Fears of floods crippling Britain have eased overnight despite concerns rain could see water levels continue to rise.
A total of five people have died in accidents related to the rains and the North East is currently the region most seriously hit by the storms. Flash floods have also hit parts of Yorkshire, Shropshire, Herefordshire and Worcestershire.
Forecasters have warned the rain will continue to fall in parts of Britain, especially the east coast, but said it will be random showers rather than the persistent rain of recent days.
More than 400 people were evacuated from their homes in Morpeth, Northumberland, after the town was "virtually cut off" when the River Wansbeck burst its banks causing the worst flooding since the 1960s.
The situation was so serious an RAF helicopter was called in to help pluck several stranded residents to safety. But Northumberland County Council member Andrew Tebbutt said the situation has "eased considerably" overnight.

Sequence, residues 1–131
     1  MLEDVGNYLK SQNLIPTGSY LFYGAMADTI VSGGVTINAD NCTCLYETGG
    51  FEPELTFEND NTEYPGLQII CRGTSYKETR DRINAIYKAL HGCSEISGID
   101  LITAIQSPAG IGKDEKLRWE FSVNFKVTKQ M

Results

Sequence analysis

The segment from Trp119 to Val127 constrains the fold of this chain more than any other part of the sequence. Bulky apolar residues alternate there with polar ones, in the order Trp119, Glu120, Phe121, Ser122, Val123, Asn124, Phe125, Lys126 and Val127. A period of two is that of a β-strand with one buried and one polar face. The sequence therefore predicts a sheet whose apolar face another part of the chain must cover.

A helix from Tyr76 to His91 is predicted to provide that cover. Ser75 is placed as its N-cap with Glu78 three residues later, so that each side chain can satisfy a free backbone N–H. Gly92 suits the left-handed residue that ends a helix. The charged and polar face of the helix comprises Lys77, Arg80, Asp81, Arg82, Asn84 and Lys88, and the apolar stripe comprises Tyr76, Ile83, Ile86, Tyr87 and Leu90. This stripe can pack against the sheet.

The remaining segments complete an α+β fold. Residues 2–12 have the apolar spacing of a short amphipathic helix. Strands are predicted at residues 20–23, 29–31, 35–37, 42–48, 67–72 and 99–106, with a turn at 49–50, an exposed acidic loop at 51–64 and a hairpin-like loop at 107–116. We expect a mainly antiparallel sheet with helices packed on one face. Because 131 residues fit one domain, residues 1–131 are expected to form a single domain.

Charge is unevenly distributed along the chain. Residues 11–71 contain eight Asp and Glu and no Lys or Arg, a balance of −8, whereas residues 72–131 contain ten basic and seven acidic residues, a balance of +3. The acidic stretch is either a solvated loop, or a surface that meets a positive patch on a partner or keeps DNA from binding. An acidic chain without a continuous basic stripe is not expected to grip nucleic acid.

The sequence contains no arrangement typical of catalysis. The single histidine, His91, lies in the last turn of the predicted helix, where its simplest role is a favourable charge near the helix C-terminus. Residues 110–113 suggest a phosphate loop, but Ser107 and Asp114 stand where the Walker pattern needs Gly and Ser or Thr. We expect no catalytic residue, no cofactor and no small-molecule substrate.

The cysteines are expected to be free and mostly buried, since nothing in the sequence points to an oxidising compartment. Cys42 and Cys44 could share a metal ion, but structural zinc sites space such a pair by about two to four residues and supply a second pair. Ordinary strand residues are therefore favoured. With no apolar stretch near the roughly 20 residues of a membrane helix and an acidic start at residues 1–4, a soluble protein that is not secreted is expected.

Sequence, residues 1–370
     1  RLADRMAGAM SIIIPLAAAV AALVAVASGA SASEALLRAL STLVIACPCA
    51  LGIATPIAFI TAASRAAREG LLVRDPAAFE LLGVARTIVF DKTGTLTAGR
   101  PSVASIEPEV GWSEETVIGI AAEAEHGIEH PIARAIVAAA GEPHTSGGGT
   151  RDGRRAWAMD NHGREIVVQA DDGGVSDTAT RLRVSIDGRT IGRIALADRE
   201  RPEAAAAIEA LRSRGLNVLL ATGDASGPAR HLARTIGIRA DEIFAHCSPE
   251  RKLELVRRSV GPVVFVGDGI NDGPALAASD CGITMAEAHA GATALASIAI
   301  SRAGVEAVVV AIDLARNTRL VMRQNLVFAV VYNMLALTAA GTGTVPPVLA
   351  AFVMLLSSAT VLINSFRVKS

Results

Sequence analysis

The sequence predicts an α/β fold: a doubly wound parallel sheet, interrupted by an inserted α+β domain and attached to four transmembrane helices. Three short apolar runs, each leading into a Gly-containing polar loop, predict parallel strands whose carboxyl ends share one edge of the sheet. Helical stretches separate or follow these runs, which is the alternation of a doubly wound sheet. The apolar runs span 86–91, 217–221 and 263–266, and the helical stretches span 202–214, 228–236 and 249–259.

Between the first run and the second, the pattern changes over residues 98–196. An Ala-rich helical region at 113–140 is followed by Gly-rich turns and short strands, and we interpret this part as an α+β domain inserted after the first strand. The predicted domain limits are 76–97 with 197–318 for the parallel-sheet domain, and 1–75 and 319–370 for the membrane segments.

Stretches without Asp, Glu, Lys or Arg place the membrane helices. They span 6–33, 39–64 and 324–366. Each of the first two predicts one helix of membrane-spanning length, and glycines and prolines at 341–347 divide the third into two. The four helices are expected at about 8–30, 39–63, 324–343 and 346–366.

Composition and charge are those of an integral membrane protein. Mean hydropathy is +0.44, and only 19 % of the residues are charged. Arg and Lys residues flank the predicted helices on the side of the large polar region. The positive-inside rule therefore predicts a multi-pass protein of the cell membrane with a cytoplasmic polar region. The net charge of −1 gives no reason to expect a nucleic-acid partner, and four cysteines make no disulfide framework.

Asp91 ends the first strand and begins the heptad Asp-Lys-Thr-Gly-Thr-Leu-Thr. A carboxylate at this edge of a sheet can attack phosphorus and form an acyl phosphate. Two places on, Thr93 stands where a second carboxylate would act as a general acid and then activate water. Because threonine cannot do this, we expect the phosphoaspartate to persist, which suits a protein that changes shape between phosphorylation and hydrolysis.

At the height of the floods, Morpeth High Street was under 2ft of water. Residents spent the night at two rescue centres located in the north and the south of the town.
Councillor Tebbutt, who is jointly in charge of emergency planning, said: "The situation has eased overnight considerably.
"Fortunately it is not raining at the moment as it did most of the night. If we get torrential rain again like we did yesterday then it will re-flood very quickly, the ground is saturated." He said around 1,000 homes were affected by the flooding and around 400 people were evacuated.
"There were a considerable number of people who self-evacuated so the number will be higher," he added.
MeteoGroup, the weather division of the Press Association, said that while Britain was over the worst of the current storms, there would be more rain on the east coast. Forecaster Tom Tobler said: "There will be more rain today, but it will be showers rather than the persistent rain of the last few days. It will be mostly down the east side of the UK. In some places there will be heavy bursts of rain."